Slurry machinery is changing at a rate faster than most other farm machinery lines.
In fact, take a walk around any machinery show and you could be forgiven for thinking the majority of slurry application in Ireland is now carried out using shiny injectors or trailing shoe applicators.
The truth, of course, is that splash plate application equipment is still by far the most popular method. Why? Because the splash plate is simple and it serves farmers well in terms of efficient work rates, simplicity of technology and minimal machine downtime.
Add in the relative low cost and fewer moving parts compared to other methods and one can see why it remains the de facto system for most farmers.
Every so often murmurs of a splash plate ban surface, but such is the popularity of the method that this would be an extremely controversial move amongst farmers and would require some political will.
Currently the only restriction to slurry application using splash plate in Ireland is that the machine must be fitted with a low trajectory splash plate.
While the splash plate is the most popular application method in Ireland, alternative methods of application are becoming more understood and more available.
On the Continent these alternative application methods are even more common, often due to more pervasive legislative restrictions to using splash plate tankers than we currently have in place in Ireland.
The main reason for the shift towards alternative application methods is due to the high level of gaseous ammonia losses associated with splash plate spreading.
Ammonia is a compound that contains nitrogen. Approximately 50pc of the total nitrogen contained in slurry is present in an ammonia form. While this form of nitrogen can be taken up quickly by crops, it can also be volatilised into the air and lost.
Losses of ammonia to the air are at their highest in the 24 hour period immediately after slurry application, with the initial six hour period being most critical.
Losses of ammonia are caused by weather conditions that cause drying of the slurry, particularly warm, dry and sunny conditions.
The consequence of the gaseous ammonia loss is two-fold. Firstly, if the nitrogen contained in slurry is lost to the air, then it is no longer available to the crop to which it was applied, and must therefore be replaced with chemical fertiliser.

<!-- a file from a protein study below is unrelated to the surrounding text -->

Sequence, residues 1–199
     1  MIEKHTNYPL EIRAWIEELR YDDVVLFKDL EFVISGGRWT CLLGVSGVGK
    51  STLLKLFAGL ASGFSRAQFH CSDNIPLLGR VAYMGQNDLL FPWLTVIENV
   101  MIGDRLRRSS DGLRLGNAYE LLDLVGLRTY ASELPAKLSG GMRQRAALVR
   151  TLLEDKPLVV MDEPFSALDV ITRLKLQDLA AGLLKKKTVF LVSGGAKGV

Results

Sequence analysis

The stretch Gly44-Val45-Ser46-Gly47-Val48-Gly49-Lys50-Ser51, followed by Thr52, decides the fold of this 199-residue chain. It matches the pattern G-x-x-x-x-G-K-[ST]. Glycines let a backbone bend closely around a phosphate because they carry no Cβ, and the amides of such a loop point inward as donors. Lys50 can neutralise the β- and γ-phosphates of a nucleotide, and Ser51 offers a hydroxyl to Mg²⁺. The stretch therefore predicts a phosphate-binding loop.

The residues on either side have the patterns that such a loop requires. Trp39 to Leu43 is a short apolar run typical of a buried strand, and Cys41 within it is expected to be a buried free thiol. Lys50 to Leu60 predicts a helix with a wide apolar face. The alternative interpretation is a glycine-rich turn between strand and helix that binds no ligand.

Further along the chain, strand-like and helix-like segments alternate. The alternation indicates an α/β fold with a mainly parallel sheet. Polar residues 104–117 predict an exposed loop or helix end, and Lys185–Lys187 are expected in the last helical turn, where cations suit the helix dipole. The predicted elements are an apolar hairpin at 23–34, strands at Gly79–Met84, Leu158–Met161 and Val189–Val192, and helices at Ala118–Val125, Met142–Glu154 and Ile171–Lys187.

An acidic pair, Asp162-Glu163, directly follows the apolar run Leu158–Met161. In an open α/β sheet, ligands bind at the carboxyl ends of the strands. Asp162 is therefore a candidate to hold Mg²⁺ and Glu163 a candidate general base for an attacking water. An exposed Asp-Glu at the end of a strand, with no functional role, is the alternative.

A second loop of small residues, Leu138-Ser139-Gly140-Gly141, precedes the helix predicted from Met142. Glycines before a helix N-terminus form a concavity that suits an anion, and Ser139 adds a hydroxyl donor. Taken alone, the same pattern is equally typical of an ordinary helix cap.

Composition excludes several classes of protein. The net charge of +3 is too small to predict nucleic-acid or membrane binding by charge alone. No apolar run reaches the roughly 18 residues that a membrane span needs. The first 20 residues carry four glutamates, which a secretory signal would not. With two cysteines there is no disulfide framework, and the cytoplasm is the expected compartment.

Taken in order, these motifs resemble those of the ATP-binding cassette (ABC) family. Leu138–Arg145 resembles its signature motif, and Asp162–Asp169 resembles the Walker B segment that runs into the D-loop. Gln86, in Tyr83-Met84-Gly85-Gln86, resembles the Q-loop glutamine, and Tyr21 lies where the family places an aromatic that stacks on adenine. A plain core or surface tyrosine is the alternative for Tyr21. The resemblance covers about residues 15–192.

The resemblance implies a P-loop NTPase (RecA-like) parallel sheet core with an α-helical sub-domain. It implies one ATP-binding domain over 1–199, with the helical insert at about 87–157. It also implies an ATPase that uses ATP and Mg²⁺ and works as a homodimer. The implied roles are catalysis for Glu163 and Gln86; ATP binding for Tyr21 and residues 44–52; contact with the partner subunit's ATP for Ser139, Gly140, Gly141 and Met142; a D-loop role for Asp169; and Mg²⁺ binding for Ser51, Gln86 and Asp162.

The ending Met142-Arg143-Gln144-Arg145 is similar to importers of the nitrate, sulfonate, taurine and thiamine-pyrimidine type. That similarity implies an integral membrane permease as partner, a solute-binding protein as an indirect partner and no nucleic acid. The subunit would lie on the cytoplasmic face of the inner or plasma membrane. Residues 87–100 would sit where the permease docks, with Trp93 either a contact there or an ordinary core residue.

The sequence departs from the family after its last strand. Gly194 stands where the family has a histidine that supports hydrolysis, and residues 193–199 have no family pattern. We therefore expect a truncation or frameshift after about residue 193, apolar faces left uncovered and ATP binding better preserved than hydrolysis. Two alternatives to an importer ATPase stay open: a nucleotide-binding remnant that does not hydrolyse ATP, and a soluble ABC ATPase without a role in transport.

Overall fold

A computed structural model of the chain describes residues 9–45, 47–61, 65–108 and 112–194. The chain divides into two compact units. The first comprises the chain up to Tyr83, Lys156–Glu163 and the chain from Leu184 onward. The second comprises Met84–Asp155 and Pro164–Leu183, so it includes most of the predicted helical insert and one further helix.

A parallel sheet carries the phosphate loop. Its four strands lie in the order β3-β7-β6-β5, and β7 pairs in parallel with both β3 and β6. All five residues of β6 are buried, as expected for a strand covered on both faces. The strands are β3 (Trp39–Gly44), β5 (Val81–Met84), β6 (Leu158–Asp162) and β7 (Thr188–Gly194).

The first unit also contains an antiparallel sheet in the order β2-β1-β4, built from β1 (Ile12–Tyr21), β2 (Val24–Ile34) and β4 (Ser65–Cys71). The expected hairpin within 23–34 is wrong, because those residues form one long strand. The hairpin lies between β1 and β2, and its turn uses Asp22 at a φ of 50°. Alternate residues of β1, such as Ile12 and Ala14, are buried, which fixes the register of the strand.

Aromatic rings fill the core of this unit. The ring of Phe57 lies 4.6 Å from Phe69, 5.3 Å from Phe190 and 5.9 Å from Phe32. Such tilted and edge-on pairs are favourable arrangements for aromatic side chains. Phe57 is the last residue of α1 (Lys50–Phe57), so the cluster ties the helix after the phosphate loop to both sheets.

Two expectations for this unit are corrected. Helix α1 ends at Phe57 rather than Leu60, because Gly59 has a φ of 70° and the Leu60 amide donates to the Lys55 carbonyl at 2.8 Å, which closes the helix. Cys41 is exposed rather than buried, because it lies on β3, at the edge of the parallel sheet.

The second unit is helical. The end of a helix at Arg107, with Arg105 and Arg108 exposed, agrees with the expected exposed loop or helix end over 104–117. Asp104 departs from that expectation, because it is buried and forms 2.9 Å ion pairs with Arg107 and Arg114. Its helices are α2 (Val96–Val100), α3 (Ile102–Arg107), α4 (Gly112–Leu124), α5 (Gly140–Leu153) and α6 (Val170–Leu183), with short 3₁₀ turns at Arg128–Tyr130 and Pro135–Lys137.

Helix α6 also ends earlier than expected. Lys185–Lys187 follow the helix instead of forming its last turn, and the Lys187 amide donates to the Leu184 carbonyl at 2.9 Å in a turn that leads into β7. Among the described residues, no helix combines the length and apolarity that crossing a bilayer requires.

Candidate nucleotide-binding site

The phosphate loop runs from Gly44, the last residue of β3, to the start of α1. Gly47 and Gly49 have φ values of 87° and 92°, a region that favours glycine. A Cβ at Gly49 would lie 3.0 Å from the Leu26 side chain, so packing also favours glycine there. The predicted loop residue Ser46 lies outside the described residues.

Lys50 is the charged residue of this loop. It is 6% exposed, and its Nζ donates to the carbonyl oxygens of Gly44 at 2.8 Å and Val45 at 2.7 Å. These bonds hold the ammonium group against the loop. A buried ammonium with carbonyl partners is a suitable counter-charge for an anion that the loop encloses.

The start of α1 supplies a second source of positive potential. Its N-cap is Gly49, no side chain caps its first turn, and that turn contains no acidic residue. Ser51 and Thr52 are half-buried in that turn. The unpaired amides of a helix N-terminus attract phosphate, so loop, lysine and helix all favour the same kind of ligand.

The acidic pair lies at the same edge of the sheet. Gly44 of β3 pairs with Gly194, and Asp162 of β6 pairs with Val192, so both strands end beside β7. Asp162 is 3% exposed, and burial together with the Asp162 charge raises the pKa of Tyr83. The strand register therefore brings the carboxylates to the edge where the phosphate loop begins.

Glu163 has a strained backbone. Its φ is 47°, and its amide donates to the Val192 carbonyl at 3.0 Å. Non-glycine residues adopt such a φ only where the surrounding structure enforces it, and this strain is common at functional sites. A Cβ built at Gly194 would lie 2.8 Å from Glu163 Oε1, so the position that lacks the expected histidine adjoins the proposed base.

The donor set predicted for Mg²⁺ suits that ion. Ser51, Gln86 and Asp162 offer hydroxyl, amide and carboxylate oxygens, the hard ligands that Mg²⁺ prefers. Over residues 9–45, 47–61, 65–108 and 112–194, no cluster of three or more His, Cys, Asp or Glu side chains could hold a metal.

Secondly, ammonia loss will also have environmental consequences.
Ammonia belongs to a group of gases which are collectively known as acidifying gases, and gives rise to a number of environmental problems, including acid rain.
Therefore, slurry application methods that minimise ammonia losses will benefit both farmers and the environment.
Ammonia losses from slurry occur when the slurry is exposed to weather conditions that cause drying.
Since the splash plate applies slurry as a thin film across the entire spreading width of the machine, the surface area of slurry exposed to the weather is relatively large.
This gives rise to a high potential for loss of ammonia, and a low nitrogen fertiliser value of slurry as a result. Ammonia losses with splash plate application can be reduced by applying in weather conditions that will not cause excessive drying.
While heavy rainfall and saturated soils must be avoided, application on days that are cool, overcast or even misty is recommended.
Splash plate variations
In recent times a swivel spout applicator - which is a type of variation on the splash plate - has been selling well in Ireland.
The Moscha swivel spout applicator is a system was designed by a German farmer who was seeking a better slurry-spreading technique before splash-plate systems were banned in Germany.
The basic idea is that the nozzle slows down the speed at which slurry leaves the tanker, thereby creating larger slurry droplets.
The bigger droplets are claimed to retain the ammonia gases within the liquid more effectively than when slurry is spread with a higher-pressure conventional splash-plate system. The oscillating movement of the spout gives a working width of 12-18m depending on pressure and the vacuum tanker's pump size.
Over 600 of these units have been sold in Ireland in the last couple of years, which perhaps shows a desire for a spreading system that retains the efficiencies of splash plate application but also goes some way towards meeting farmers' environmental responsibilities.
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